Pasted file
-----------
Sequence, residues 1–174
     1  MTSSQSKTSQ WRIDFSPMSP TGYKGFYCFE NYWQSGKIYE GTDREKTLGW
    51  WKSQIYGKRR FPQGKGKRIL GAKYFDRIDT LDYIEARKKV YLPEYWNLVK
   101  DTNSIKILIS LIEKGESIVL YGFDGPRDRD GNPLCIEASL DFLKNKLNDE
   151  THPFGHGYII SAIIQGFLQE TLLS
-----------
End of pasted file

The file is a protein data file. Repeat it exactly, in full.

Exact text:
Sequence, residues 1–174
     1  MTSSQSKTSQ WRIDFSPMSP TGYKGFYCFE NYWQSGKIYE GTDREKTLGW
    51  WKSQIYGKRR FPQGKGKRIL GAKYFDRIDT LDYIEARKKV YLPEYWNLVK
   101  DTNSIKILIS LIEKGESIVL YGFDGPRDRD GNPLCIEASL DFLKNKLNDE
   151  THPFGHGYII SAIIQGFLQE TLLS